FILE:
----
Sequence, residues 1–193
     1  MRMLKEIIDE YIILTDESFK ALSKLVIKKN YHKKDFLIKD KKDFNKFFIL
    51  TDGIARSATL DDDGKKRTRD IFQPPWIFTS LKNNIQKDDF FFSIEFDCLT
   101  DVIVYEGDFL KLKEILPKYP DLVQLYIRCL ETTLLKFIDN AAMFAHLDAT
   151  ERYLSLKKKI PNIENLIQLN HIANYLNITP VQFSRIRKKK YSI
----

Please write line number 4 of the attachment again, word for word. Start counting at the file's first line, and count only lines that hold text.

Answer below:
   101  DVIVYEGDFL KLKEILPKYP DLVQLYIRCL ETTLLKFIDN AAMFAHLDAT